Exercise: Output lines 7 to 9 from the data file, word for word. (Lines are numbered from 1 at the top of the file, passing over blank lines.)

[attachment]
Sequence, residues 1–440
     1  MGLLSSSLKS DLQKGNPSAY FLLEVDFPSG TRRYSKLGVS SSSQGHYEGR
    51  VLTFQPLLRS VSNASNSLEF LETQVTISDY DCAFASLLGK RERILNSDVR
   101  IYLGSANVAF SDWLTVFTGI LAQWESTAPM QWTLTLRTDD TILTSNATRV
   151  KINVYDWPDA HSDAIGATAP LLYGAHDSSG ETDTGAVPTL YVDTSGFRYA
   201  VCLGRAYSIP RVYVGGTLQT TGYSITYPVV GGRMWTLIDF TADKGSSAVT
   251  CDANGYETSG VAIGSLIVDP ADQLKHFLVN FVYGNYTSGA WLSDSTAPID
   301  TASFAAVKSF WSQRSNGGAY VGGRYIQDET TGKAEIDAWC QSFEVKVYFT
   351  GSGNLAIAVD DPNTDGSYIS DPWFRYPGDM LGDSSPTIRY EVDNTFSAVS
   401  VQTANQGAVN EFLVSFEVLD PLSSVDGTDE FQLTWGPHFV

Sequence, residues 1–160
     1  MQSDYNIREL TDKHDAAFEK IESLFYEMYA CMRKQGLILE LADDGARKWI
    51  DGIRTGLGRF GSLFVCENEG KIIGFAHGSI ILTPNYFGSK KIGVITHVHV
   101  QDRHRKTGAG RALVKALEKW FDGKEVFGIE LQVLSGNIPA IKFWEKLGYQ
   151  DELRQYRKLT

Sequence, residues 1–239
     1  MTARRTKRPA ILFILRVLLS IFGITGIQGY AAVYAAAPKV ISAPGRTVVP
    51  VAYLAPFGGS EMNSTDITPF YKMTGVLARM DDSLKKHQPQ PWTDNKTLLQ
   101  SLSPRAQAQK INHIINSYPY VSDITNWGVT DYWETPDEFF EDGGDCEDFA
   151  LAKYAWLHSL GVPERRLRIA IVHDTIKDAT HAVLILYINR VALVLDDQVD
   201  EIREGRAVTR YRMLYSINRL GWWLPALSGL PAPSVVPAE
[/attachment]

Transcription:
   251  CDANGYETSG VAIGSLIVDP ADQLKHFLVN FVYGNYTSGA WLSDSTAPID
   301  TASFAAVKSF WSQRSNGGAY VGGRYIQDET TGKAEIDAWC QSFEVKVYFT
   351  GSGNLAIAVD DPNTDGSYIS DPWFRYPGDM LGDSSPTIRY EVDNTFSAVS